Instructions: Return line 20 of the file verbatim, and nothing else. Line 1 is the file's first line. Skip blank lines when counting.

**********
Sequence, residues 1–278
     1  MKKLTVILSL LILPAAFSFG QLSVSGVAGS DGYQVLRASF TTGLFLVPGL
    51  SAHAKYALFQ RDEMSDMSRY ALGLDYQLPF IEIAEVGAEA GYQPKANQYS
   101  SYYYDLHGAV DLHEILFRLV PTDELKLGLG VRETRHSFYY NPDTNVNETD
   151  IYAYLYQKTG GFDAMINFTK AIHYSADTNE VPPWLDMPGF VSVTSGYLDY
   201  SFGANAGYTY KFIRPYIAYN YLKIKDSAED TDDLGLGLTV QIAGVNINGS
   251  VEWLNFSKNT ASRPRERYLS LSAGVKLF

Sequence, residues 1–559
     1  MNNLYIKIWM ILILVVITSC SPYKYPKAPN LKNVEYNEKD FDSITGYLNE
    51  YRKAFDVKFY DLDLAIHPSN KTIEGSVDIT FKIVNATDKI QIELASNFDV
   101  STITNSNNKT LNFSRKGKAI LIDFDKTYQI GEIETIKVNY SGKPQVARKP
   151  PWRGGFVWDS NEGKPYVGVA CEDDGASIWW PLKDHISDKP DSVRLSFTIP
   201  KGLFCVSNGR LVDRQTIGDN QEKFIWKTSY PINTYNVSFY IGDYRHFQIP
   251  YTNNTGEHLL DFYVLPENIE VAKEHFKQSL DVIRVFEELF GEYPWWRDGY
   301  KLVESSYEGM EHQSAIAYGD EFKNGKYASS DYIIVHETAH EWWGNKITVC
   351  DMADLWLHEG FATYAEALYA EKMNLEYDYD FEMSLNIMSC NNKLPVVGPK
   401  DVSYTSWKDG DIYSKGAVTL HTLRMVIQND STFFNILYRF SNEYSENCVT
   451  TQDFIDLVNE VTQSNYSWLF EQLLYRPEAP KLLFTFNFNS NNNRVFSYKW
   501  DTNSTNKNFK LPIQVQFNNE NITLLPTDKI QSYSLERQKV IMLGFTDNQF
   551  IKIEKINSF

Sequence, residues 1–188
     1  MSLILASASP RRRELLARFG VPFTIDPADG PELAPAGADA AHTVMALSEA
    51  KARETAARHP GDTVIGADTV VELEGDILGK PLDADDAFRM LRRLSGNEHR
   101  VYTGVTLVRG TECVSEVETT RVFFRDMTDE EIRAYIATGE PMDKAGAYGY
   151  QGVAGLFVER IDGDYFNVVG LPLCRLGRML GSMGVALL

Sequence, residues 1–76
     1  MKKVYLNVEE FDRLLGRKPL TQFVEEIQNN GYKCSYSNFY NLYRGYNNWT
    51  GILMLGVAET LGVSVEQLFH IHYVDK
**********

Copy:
   551  IKIEKINSF